Washington, June 12 (ANI): A new book on the evolution of eating habits among prehistoric people has said that an "all natural diet" is not possible today, as besides attaining our nutritional requirements, we need to find the best way to get them.
Kristen Gremillion, associate professor of anthropology at Ohio State University, said that while there is much we can learn from what our ancestors ate, many of our more modern foods and diets were developed for very good reasons.
Gremillion is author of the new book 'Ancestral Appetites: Food in Prehistory', which explores how humans have adjusted the food they eat and the way they prepare it in response to new knowledge and new environments.
"Humans are omnivores and we can eat a wide range of things," Gremillion said.
"Rather than try to base a healthy diet on what we think people used to eat thousands of years ago, it would probably make more sense to look at our nutritional requirements today and find the best way to meet them," Gremillion explained.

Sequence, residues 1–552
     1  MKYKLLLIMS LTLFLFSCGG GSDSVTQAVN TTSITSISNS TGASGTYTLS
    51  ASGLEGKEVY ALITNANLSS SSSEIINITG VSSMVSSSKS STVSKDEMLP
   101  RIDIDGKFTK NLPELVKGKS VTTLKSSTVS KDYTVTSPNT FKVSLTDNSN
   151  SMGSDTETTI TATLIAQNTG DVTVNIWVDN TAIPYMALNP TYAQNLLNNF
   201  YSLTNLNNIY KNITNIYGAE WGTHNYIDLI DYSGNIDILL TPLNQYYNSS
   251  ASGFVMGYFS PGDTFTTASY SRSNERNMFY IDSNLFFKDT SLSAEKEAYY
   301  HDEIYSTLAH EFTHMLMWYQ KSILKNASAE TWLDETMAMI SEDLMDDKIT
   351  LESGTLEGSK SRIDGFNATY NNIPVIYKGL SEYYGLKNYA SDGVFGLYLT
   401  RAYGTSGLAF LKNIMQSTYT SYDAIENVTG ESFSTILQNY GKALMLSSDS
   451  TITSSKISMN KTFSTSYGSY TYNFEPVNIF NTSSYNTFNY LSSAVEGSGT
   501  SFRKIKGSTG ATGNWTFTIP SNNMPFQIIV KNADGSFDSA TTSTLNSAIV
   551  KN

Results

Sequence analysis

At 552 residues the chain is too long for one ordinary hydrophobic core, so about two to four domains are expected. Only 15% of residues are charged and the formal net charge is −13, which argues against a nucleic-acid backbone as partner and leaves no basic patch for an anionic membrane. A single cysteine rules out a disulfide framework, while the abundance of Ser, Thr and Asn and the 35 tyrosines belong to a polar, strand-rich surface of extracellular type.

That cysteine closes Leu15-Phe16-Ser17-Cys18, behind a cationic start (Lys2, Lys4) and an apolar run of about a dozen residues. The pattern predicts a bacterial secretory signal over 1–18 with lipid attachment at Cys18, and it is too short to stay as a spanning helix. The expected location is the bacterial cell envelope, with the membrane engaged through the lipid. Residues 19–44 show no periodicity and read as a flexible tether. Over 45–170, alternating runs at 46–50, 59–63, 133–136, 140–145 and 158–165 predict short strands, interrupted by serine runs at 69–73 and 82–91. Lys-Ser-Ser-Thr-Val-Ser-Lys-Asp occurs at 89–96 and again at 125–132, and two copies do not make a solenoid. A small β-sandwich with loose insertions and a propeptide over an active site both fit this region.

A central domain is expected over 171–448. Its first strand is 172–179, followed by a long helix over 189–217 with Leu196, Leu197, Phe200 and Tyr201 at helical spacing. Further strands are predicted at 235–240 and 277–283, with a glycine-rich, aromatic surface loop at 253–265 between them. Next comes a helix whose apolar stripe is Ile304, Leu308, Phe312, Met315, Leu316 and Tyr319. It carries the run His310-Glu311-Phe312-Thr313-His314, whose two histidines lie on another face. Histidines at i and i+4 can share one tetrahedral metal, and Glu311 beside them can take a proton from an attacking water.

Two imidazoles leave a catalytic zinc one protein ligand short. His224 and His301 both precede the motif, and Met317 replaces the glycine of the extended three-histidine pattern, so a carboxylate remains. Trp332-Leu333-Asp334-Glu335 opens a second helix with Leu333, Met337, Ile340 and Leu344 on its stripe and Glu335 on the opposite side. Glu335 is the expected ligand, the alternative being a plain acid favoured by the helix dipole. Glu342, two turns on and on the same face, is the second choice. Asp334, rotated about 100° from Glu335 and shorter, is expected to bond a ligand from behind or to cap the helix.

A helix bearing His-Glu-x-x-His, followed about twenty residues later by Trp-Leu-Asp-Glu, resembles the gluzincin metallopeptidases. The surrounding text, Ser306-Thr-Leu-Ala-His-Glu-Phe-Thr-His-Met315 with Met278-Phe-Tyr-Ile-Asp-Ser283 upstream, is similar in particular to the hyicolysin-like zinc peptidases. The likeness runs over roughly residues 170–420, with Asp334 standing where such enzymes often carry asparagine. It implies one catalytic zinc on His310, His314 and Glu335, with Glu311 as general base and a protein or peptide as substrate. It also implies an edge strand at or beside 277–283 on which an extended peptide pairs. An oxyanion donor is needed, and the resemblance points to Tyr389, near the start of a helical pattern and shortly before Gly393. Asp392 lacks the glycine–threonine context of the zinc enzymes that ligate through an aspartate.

One issue that Gremillion has with many new diet fads is the claim that they are somehow more "natural" because they focus on a time before modern culture spoiled our eating habits.
One popular diet today is the so-called "paleo" or "paleolithic" diet, sometimes also called the caveman diet. This diet is based on what people ate before the introduction of agriculture.
There is an emphasis on lean meats and fruits and vegetables, and avoiding processed foods and grains of all kinds.
And while the paleo diet does have a scientific basis, Gremillion said the raw food diet does not. This diet emphasizes getting most calories from uncooked, unprocessed foods.
"There is not really anything to be gained by eating only raw foods. We have been cooking food for hundreds of thousands of years," she said.
While cooking does remove some nutrients from foods, it also breaks down the compounds in foods to make some nutrients easier for our bodies to extract.
In addition, it is much easier on our teeth and jaws than tearing and crushing hard and fibrous foods.
Gremillion said that in everything related to eating - from what foods we eat, to how we grow it, to how we prepare it - there is no one natural way. (ANI)